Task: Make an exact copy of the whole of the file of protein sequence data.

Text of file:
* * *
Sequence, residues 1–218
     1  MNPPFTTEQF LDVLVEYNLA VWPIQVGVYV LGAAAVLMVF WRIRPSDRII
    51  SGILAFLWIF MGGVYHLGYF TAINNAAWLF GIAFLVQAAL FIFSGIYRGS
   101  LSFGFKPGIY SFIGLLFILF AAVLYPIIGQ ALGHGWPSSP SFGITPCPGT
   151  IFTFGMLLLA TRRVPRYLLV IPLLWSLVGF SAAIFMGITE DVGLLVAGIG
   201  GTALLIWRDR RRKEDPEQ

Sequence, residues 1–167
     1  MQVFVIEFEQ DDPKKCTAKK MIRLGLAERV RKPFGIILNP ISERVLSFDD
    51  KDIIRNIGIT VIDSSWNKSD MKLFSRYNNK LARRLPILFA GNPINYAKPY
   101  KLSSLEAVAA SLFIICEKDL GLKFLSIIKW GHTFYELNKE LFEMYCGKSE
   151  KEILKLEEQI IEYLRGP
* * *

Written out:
Sequence, residues 1–218
     1  MNPPFTTEQF LDVLVEYNLA VWPIQVGVYV LGAAAVLMVF WRIRPSDRII
    51  SGILAFLWIF MGGVYHLGYF TAINNAAWLF GIAFLVQAAL FIFSGIYRGS
   101  LSFGFKPGIY SFIGLLFILF AAVLYPIIGQ ALGHGWPSSP SFGITPCPGT
   151  IFTFGMLLLA TRRVPRYLLV IPLLWSLVGF SAAIFMGITE DVGLLVAGIG
   201  GTALLIWRDR RRKEDPEQ

Sequence, residues 1–167
     1  MQVFVIEFEQ DDPKKCTAKK MIRLGLAERV RKPFGIILNP ISERVLSFDD
    51  KDIIRNIGIT VIDSSWNKSD MKLFSRYNNK LARRLPILFA GNPINYAKPY
   101  KLSSLEAVAA SLFIICEKDL GLKFLSIIKW GHTFYELNKE LFEMYCGKSE
   151  KEILKLEEQI IEYLRGP